Collaboratory Participants

Erika Barbosa

Erika Barbosa (PhD student in Art History, Theory, and Criticism with a concentration in Art Practice, UC San Diego, Visual Arts) is an artist and art historian. Her research is concerned with the role of design in everyday choreographies of power, and the materiality of visible and invisible modes of policing in the United States. She is currently working with community members, civil rights attorneys, and archivists in Los Angeles to examine the semiotics of criminal documentation, and bureaucratic archival procedures.

Kim Marie Clark

Kim Clark (PhD student in Communication, UC San Diego) researches the logics of mediation and speculation, often unwritten, which emerge from and drive racial and economic justice organizing. A Ford Predoctoral Fellow, her dissertation focuses on proactive team-based approaches of audio/visual monitoring and documenting of enforcement agency activity in Afrodiaspora neighborhoods in New York and California. Extensive documentation has been generated through this collective cultural practice, “copwatching,” and is slowly becoming publicly archived. Clark interrogates the imperative for both research collaborators and the researcher to not only draw from archives, but to simultaneously contribute to and build historical traces and records.

Catherine Czacki

Catherine Czacki (PhD student in Art History, Theory, and Criticism with a concentration in Art Practice, UC San Diego, Visual Arts) is an artist, art historian, and writer. She is invested in artistic practices and poetry as tools for self -healing and/or agency––as well as potential critical strategies against dominant forms of knowledge production. She is currently writing about the Sonora Market in Mexico City, a site where material culture intersects the everyday with religious, economic, cultural and aesthetic valuations of objects.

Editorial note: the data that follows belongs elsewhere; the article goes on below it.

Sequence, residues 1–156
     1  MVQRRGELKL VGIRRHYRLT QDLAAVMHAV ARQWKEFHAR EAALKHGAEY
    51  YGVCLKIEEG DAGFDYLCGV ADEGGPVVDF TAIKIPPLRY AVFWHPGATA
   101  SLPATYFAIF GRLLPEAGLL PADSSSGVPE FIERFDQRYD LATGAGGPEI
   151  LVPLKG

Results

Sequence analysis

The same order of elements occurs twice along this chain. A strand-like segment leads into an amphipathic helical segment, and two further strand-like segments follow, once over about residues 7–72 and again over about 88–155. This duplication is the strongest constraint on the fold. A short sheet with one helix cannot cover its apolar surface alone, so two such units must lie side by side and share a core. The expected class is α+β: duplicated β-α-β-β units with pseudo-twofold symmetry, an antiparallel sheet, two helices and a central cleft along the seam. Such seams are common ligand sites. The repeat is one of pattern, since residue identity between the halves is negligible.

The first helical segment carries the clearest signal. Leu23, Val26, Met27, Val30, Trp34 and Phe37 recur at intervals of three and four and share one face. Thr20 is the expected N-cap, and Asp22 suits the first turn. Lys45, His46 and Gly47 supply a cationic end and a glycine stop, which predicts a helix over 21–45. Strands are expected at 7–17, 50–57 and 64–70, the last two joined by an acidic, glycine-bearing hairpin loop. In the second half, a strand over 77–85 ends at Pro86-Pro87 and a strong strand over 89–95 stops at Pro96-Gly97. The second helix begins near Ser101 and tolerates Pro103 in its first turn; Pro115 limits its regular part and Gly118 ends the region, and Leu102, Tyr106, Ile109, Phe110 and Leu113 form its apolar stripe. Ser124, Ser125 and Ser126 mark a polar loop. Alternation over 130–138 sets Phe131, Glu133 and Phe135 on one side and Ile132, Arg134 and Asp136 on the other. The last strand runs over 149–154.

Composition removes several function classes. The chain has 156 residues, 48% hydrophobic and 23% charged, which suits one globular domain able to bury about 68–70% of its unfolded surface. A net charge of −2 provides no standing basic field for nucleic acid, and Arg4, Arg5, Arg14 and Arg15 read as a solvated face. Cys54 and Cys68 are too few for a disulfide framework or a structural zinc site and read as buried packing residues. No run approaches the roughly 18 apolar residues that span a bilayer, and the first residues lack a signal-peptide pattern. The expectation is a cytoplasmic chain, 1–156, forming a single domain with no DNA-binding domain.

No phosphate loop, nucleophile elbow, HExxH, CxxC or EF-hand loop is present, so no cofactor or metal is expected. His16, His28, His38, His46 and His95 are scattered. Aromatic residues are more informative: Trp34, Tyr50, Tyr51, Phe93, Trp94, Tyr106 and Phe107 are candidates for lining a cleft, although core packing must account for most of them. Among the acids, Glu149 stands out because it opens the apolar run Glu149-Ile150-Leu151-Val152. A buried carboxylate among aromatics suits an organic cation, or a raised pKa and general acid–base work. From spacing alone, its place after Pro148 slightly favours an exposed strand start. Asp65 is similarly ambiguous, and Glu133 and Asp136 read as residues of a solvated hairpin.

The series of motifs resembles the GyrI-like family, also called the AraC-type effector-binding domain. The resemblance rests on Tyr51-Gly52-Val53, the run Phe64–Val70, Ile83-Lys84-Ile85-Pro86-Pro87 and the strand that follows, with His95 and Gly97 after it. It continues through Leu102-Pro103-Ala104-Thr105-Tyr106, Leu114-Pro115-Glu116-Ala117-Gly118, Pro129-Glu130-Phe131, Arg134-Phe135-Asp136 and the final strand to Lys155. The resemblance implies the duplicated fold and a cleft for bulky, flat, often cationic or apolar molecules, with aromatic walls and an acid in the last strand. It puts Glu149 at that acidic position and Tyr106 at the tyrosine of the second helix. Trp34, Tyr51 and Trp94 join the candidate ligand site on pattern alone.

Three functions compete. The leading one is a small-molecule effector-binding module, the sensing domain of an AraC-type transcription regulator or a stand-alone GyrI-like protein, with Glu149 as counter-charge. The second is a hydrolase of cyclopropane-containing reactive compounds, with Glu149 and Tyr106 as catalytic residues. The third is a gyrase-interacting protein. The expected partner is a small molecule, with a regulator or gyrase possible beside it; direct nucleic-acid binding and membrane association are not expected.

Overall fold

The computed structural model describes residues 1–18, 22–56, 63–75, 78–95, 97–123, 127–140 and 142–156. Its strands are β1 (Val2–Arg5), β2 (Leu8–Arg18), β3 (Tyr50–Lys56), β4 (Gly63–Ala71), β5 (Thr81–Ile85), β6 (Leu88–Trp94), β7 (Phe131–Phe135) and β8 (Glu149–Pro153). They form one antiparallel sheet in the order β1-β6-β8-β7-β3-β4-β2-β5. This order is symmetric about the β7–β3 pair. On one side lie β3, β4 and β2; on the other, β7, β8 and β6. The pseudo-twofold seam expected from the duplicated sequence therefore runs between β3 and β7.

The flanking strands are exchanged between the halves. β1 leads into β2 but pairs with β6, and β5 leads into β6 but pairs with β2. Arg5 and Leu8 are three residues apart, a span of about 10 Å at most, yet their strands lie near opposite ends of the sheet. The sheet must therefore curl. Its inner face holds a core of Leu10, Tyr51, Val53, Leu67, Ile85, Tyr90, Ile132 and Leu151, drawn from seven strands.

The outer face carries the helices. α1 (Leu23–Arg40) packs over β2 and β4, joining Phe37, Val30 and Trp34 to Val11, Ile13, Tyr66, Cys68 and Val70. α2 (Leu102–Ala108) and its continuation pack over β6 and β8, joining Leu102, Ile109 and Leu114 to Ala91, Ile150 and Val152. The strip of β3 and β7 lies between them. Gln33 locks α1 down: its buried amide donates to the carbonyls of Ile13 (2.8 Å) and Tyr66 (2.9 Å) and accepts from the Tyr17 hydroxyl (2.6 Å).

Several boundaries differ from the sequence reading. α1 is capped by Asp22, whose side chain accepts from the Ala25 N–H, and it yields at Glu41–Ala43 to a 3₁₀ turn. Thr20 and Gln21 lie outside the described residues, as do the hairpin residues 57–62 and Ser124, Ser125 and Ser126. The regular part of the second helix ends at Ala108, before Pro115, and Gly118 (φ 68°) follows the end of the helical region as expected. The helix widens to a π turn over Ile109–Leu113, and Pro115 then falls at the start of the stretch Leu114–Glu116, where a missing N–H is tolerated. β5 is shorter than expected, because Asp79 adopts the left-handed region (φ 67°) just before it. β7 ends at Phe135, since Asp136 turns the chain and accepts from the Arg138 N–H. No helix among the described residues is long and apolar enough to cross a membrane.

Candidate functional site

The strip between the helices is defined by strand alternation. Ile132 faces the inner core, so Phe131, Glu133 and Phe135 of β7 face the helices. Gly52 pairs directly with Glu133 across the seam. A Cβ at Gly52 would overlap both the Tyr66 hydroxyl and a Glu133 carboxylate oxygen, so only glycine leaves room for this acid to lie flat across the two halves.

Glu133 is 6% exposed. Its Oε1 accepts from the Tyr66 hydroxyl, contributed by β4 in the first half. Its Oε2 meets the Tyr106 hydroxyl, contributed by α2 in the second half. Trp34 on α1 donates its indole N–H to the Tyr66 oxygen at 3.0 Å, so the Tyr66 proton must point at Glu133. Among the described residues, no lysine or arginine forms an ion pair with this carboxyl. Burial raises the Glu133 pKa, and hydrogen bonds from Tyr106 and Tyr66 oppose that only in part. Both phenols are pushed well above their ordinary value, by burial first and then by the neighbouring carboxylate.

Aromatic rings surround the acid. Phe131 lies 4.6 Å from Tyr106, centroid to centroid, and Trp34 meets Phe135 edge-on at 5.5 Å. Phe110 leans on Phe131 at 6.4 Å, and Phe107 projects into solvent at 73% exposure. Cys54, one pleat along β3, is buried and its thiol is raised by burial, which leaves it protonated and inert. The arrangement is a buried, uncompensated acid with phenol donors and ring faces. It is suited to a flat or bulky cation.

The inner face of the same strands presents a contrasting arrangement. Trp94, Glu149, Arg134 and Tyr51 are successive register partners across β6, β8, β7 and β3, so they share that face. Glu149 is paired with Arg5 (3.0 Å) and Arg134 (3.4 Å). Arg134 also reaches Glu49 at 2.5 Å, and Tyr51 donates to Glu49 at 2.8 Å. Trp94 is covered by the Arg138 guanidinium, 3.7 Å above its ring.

Jonah Gray

Jonah Gray (PhD student in Art History, Theory, and Criticism, UC San Diego, Visual Arts) is an art historian and curator. He researches comparative constructions of the self in contemporary art, particularly as they intersect with questions of identity and the politics of Indigeneity and whiteness in Canada and the US. He is a member of the editorial collective of Field Journal. As Curator of Discursive projects at Or Gallery, Vancouver, he ran the lecture series Curating the Self and the podcast Post-Studio Visit.

Shoghig Halajian

Shoghig Halajian (PhD student in Art History, Theory, and Criticism, UC San Diego, Visual Arts and Co-Director, Human Resources LA) is an art historian, curator, and organizer. Her research employs a feminist and queer reading of historical narratives, and explores visuality’s implications on the material conditions of bodies and on legislation.

Roshanak Kheshti

Roshanak Kheshti is Associate Professor & Director of Graduate Studies in the Department of Ethnic Studies at the University of California, San Diego. She received her PhD in Anthropology (Women's Studies) at the University of California, Santa Cruz. Her research interests include: race, gender and sexuality in sound studies, ethnography, history of anthropology, cultural studies, film studies, psychoanalysis, queer studies, Iran, diaspora studies, postcolonial theory, and Zora Neale Hurston studies. She has published Modernity’s Ear: Listening to Race and Gender in World Music (New York: NYU Press, 2015).

Shaista Patel

Shaista Patel, a scholar of Critical Muslim Studies, is Assistant Professor in Ethnic Studies Department at the University of California, San Diego. She received her PhD in Social Justice Education and graduate Certificate in Women and Gender Studies from University of Toronto. Trained as an interdisciplinary scholar, her primary research interests include diverse fields such as Critical Muslim, Transnational, Critical Indigenous, South Asian and Black feminist studies. Her past and future publications traverse discrepant spatialities and temporalities in order to re-examine what we know and have yet to learn about entanglements of bodies, colonialism, race, gender, religion, caste, capitalism, and relations of labor. She is primarily interested in teaching undergraduate and graduate courses in critical Muslim studies, decolonial theory, questions of solidarity (from Palestine, North America to Kashmir), and cultural and social movements with special emphasis on questions of non-Black, non-Indigenous people of color complicity in settler colonialism. Her work has appeared as book chapters from Palgrave Macmillan and UBC Presses. She’s also published articles in Theory & Event, Feral Feminisms (as co-editor of an issue), and Cultural Studies (forthcoming).